No.0046

2017/04/19

Interview with Hon. Diana DeGette of the U.S. House of Representatives

We interviewed Hon. Diana DeGette of the U.S. House of Representatives, a Co-Chair of the 8-member bipartisan Congressional delegation that visited Japan in February 2017 under a program promoting the exchange of Japanese and U.S. parliamentarians. Hon. DeGette, who has a political career spanning over 20 years, was born in Japan, and expressed her sense of attachment to Japan in this interview. We asked her views on the current status of women's empowerment and the significance of Japan - U.S. exchange programs.

Interview Summary:

―What are your impressions of the women you have met thus far in Japan? Do you find any differences between the U.S. and Japan?.

To be successful in business or in government in Japan, women have to be very strong. Women I have met who are at the high levels of Japanese society have very clear perspectives on what they want to do. Japanese society has been so traditional. To break out of that, it's taken endless efforts. In my country, we still have many of the same challenges. In Japan, for example, you have maternal leave when a baby is born. We don't have that at the federal level in the United States. We like to think we have so many women in our Congress, but we have less than 20%. We share many of the challenges Japanese women have.

―Prime Minister Abe has emphasized women's empowerment as one element of his growth strategy.

It's important for women to be fully integrated in the workforce, especially with the aging of the population and with declining birth rates in this country. For "Womenomics" to be successful, you will have to have very strong programs for childcare and for eldercare. Traditionally in Japan, women have been the source of family care. If you don't have strong programs for that, even if a woman wants to work in an executive position, she can't.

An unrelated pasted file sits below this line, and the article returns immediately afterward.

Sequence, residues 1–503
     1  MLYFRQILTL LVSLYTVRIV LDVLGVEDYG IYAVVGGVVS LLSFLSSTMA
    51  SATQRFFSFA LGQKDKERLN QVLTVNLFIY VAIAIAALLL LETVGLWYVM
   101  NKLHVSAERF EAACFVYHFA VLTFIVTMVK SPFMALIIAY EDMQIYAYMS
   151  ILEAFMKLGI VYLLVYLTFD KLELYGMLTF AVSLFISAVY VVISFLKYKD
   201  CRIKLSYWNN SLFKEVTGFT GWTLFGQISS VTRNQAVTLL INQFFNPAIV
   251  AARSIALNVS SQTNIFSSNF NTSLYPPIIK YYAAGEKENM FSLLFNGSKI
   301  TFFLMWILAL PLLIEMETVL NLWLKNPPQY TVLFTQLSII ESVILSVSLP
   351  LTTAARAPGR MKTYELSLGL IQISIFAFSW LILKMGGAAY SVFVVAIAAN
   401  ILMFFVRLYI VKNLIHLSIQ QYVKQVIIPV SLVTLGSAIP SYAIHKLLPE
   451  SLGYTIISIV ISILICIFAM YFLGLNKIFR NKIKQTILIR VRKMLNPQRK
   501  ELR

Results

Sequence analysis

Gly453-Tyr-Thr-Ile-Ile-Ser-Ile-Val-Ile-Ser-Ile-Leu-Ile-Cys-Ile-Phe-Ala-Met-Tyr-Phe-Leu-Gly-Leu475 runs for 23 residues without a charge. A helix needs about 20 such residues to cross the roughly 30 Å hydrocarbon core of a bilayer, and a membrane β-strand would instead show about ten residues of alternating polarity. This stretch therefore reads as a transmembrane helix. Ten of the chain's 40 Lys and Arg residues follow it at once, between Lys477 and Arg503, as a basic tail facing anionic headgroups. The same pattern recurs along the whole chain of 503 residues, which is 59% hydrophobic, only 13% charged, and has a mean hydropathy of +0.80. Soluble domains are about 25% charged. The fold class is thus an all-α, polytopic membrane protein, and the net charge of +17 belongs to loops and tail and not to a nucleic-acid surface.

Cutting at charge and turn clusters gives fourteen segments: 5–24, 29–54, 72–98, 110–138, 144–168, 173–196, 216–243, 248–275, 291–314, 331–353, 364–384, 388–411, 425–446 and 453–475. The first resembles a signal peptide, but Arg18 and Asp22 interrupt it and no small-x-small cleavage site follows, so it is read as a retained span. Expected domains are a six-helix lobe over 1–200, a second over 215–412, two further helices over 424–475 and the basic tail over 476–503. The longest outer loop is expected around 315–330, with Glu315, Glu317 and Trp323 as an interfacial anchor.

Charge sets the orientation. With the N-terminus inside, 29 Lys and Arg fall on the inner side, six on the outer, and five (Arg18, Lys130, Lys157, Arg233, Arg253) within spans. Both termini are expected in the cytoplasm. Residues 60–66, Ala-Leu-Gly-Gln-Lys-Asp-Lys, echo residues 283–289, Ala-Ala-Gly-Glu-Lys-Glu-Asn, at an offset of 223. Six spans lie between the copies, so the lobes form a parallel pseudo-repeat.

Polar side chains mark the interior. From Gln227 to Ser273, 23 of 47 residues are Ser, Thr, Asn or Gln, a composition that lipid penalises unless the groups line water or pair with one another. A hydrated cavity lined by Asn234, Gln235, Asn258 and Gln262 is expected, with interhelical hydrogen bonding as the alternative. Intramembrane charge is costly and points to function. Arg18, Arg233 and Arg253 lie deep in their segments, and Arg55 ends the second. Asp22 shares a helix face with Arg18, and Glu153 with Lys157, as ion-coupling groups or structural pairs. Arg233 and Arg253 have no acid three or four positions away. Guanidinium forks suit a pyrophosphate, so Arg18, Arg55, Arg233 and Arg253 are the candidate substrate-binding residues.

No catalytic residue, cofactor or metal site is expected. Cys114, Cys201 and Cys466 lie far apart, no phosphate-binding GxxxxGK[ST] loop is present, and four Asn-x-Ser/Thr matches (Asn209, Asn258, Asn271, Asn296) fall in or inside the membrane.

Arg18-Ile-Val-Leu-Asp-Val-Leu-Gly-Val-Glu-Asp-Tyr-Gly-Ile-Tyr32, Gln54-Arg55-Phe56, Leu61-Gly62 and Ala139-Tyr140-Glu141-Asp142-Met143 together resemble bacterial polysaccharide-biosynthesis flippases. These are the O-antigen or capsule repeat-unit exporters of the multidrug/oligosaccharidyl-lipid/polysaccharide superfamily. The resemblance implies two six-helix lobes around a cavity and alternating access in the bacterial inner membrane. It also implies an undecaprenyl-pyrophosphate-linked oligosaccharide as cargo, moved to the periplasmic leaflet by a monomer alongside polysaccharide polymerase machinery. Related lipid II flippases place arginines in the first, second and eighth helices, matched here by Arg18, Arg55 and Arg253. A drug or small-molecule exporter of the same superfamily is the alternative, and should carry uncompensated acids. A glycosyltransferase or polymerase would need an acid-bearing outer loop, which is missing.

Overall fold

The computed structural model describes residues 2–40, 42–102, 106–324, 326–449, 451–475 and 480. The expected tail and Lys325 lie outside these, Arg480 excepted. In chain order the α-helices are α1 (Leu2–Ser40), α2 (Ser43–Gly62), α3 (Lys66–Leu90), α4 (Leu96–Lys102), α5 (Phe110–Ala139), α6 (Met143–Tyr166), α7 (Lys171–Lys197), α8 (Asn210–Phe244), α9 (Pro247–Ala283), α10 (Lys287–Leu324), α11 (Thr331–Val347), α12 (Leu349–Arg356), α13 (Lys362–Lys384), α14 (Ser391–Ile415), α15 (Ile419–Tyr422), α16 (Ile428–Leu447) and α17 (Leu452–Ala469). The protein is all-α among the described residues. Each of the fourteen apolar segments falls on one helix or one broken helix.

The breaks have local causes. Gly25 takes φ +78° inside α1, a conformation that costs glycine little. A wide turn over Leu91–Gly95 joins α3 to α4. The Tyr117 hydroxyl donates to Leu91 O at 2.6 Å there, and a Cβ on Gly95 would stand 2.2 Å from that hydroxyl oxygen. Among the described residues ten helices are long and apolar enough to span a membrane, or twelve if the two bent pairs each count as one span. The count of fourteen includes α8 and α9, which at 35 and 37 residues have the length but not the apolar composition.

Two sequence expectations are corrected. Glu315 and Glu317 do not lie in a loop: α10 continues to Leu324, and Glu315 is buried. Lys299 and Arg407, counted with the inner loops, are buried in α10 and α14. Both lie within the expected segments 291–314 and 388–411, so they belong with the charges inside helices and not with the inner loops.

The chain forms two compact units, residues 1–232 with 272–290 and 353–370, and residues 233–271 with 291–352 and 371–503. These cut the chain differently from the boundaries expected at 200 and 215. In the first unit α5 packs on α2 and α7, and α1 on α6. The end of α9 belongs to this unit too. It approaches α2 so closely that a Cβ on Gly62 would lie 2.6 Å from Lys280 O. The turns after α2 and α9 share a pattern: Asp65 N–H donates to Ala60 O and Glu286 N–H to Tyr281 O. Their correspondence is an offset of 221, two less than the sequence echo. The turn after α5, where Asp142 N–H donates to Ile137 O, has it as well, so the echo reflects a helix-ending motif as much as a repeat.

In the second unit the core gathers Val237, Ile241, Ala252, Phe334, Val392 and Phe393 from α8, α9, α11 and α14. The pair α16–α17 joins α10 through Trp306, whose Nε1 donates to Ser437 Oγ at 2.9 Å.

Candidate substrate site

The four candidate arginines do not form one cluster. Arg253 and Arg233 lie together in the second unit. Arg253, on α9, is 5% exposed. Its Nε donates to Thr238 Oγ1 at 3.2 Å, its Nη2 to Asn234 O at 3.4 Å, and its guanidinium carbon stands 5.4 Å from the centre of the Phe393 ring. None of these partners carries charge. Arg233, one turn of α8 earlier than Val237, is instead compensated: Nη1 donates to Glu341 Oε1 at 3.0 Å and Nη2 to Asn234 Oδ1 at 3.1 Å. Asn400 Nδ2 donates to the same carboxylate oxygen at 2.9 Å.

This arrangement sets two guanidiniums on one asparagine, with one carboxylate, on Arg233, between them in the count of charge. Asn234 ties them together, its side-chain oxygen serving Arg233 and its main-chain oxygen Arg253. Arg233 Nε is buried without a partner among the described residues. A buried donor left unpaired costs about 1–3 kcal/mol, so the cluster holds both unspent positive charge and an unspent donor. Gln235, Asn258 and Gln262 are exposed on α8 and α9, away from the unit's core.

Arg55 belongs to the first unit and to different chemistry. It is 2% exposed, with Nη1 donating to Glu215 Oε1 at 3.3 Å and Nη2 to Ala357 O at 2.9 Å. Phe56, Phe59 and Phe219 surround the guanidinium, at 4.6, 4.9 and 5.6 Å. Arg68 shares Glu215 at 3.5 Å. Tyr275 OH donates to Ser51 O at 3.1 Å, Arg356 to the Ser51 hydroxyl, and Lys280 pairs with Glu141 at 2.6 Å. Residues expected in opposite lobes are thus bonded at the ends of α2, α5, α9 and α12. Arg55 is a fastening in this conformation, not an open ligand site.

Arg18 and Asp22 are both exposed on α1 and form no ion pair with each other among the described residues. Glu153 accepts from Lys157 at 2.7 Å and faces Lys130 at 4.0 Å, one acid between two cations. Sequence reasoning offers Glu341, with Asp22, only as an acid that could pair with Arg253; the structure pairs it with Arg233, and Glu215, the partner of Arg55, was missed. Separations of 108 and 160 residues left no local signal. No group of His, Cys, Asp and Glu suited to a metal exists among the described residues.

―During your run for congressional office and in becoming a congresswoman, there must have been many hardships and difficulties you faced. Can you share your strategies to overcoming those difficulties?.

The first thing is that you have to get a fully supportive spouse. My husband, who I met when I was in law school, was the person who encouraged me to run for political office. He took a very strong role in raising our daughters. I could not have done that without the active support of my husband. The second thing is that women should have faith in their own abilities to do things. You just have to say to yourself, "I think I can do this."

―Since you were born in Tachikawa, Japan, do you have a personal attachment to Japan?

I do feel a strong personal relationship to Japan. I've led many official trips here and I have also come here on my own. One of the most satisfying aspects is to bring my colleagues and have them fall in love with Japan just as much as I love Japan. That's very satisfying and something I enjoy very much.

―The Sasakawa Peace Foundation is a non-profit, non-partisan and private organization that provides various programs for society without any political constraint. What are your expectations for our role?

I think the SPF has been a very important catalyst in bringing Japanese parliamentarians and the business community together with U.S. members of Congress, Democrats and Republicans, House and Senate, and our staffs both here in Japan and also at home in the United States. Whenever I lead a trip to Japan, it always strengthens Congressional relationships across the aisle, as well as the Japan - U.S. relationships. It is very special. I really think that only a non-partisan private convenor like Sasakawa could achieve that.

*******************************

Play the video below for a full interview with Hon. Diana DeGette of the U.S. House of Representatives.

Read More
Related Projects
Related Program

OldView